Einstein's Method

A scholarly inquiry...
Suppose we take a method Einstein used extensively and apply it to current problems in QM and relativity?
  » Introduction
  » Photon and the
Double Slit
  » Quantum
NonLocality
  » Elitzur-Vaidman
Experiment
  » Three Mistakes of
Quantum Theory
  » Chapter II
  » Chapter III
  » Table of Contents
  » Index
  » The Author
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  » Comments -
Discussion
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Chapter III of Einstein’s Method



Chapter III

Adam: Well, do you remember where we left off?

Max: Not exactly, so I was hoping maybe you could summarize what we covered.

Adam: ...we saw that wave and field form are independent of the quanta that give them reality [Chapter II] and, regardless of their quanta, existing entities have a field form, just as occurring entities have a waveform [Introduction]. We found that material field entities exist and store energy, while radiation wave entities occur and store mass. ...

Max: ...you make all of this sound simple but I don’t find it so.

Adam: Ontology can appear complex, yet I believe that many parts of it are simple. It seems complex because it is unfamiliar and does not conform to our commonsense and rather naive perceptions of what exists and what occurs. But it is simple in that its fundamental principles are few and are valid regardless of quanta. But our analysis has just begun.

Max: So, what do we cover today?

Adam: Velocity: I want to examine the nature of velocity for both matter and radiation quanta. However, the term "velocity' is specific to transit over space, so we need to generalize this.

Velocity is progression over space, but since ontology does not favor one dimension over another, we should say that some entities have pro­gression over space, while others have progression over time. The com­mon description of progression over time is "aging." A field entity, gas or solid object/particle, is an existence and, as such, progresses over time; a wave entity is an undulatory occurrence and necessarily progresses over space. ...

Now, a stationary particle as a field and a photon as a wave progress without limit over time and space, respectively, until their identity terminates: the particle exists and so ages over time while the photon occurs and so speeds across space. Such identity termination depends on a change in the mass/energy measure of the entity. The stationary particle changes its identity when it loses or gains stored (potential) energy; the photon changes its identity when it gives up part or all (the case for annihilation) of its stored (relativistic) mass. Think of a Feynman diagram where photons or particles are represented as straight lines and where those straight lines terminate at a vertex which represents a change of mass/energy.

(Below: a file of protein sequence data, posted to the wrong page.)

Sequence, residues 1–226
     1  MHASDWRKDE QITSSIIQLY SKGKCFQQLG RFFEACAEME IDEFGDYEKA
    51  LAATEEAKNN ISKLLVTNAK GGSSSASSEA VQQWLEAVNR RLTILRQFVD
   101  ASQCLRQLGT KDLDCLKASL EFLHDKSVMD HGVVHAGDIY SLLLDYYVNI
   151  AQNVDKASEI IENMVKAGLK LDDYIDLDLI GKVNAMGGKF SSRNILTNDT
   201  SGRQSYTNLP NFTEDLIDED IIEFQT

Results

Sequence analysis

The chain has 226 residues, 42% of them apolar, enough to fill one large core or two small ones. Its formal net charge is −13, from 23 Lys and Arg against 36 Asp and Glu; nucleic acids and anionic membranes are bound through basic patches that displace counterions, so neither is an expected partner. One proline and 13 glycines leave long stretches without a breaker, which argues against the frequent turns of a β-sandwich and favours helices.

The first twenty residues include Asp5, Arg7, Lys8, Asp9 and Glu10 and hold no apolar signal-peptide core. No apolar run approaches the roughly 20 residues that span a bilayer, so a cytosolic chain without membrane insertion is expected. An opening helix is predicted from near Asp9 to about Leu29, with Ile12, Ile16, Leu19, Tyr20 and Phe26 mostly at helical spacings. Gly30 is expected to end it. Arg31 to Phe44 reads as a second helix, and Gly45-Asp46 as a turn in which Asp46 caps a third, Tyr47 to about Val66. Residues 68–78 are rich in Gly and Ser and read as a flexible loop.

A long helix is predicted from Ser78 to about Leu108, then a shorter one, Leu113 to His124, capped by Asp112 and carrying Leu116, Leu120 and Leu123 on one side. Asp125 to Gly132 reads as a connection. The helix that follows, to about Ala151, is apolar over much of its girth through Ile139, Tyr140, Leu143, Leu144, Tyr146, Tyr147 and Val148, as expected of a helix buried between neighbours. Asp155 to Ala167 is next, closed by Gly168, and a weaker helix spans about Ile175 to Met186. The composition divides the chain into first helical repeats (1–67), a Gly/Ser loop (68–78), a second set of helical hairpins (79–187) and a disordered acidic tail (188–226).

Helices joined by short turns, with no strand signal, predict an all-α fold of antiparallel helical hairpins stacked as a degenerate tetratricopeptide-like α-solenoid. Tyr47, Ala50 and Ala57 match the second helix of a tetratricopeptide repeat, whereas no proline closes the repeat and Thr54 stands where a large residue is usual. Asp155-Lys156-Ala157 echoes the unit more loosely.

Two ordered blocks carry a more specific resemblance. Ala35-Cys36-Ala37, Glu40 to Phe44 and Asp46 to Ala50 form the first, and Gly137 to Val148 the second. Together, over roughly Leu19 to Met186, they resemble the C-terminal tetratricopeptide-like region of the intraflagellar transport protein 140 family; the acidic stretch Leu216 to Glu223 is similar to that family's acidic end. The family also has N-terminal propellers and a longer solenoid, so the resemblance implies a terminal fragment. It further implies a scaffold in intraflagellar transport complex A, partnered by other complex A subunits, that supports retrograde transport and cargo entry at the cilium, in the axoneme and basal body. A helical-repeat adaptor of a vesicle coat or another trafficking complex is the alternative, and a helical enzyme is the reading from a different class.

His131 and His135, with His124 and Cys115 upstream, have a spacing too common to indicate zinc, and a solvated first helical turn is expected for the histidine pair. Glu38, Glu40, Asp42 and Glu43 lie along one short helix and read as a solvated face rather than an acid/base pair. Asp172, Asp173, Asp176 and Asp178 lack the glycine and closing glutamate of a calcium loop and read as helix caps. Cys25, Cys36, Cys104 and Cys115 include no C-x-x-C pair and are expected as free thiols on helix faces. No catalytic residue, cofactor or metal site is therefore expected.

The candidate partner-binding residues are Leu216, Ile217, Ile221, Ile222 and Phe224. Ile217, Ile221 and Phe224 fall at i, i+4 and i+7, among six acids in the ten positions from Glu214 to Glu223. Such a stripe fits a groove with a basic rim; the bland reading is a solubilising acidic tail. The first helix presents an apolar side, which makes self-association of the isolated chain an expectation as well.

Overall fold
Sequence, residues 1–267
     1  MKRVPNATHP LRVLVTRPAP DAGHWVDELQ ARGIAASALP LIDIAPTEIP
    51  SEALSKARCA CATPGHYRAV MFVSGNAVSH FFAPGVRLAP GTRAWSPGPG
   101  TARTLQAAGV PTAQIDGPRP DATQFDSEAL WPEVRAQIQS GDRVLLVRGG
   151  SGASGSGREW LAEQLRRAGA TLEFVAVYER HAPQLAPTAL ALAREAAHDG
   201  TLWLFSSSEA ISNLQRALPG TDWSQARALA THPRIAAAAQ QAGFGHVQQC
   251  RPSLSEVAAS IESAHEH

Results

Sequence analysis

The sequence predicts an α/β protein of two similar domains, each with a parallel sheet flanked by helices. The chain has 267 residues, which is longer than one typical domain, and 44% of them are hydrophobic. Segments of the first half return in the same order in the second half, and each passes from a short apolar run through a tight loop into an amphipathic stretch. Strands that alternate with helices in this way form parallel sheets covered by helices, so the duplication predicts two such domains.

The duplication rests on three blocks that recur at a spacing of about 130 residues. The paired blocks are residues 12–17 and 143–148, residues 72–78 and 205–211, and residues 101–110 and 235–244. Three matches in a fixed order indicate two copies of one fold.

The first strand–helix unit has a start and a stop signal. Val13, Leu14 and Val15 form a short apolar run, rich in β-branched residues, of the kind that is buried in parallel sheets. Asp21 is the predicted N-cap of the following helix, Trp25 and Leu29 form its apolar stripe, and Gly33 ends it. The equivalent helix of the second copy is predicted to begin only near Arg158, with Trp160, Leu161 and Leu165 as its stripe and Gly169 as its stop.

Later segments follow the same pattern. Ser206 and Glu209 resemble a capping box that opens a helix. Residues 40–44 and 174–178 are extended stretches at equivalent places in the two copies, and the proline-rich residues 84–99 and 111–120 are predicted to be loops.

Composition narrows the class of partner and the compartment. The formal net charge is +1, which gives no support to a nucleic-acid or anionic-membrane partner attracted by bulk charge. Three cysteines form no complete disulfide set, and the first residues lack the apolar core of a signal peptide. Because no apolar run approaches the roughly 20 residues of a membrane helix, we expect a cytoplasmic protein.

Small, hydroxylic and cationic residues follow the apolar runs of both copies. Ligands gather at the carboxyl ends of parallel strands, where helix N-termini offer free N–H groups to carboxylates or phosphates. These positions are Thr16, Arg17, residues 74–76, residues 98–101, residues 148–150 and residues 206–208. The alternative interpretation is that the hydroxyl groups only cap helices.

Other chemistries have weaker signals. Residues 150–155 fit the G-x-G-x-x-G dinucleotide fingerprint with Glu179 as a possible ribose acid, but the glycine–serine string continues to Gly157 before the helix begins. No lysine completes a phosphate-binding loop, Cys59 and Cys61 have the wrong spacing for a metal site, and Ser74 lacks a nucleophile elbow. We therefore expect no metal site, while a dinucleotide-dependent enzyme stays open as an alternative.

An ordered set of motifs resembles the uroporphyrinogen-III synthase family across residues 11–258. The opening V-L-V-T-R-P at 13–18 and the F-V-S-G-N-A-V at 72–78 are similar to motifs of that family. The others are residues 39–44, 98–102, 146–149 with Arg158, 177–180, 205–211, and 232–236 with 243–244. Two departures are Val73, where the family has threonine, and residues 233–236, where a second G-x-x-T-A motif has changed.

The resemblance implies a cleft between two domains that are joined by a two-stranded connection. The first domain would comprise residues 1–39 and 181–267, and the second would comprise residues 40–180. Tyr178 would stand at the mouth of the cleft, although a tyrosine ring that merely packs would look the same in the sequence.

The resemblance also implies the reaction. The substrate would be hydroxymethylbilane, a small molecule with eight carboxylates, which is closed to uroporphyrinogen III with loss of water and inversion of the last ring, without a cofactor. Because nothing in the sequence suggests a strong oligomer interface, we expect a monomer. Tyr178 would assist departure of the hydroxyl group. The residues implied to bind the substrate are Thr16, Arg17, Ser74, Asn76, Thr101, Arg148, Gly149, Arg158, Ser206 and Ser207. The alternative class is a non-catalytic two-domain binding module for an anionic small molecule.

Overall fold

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Max: You keep characterizing a field entity as stationary [aside to the reader: projectile motion is only considered in subsequent chapters], but I don’t see how that applies to radiation wave entities, which are anything but stationary.

Adam: Good point. When I describe a field-particle as stationary with respect to an observer, I mean it has zero space velocity relative to that observer. Of course, this field does have a significant velocity in time. In fact, if you think about it, a field-particle at zero space velocity is moving across time at the maximum rate: set that field-particle into space motion and special relativity tells us that its clock--its rate of time progression--slows down. This tells us that a space-stationary field has the absolute minimum (zero) space velocity and the absolute maximum time velocity, and this provides the clue for characterizing the wave side of reality. An electromagnetic wave must have the absolute maximum space velocity and the absolute minimum (zero) time velocity. Photons moving at the speed of light don’t age; their clocks come to a halt. Photons are stationary in time just as static fields (particles) are stationary in space.

A matter field that is space-motionless relative to an observer (no kinetic energy), has zero space progression and maximum time progression for that observer. A photon wave, necessarily time-motionless relative to an observer, has maximum space progression and zero time progression.

This kinematic symmetry is, of course, no accident. Perhaps we can examine it more closely next week.

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If you detect a photon via its crossover absorption [on a material barrier] and then pronounce the photon to be particle-like (exists) because you receive momentum and a space measure (location) from its absorption, then you might as well detect a material object (space-stationary particle) via its infrared radiation emission and pronounce the object to be wave-like (occurs) because you receive a frequency measure and a time location from its emission.

Max: Okay I can agree with that part. I am intrigued by your parallel concept that intensity of a potential entity determines crossover rate for both emission and absorption. This might unify the probability concepts that physicists use so freely. But what about probability as it relates to a speeding electron rather than to a photon?

Adam: Up to this point I have maintained that any entity with rest mass, such as an electron, be treated as a stationary field. I think I shall be ready to lift that restriction next week.

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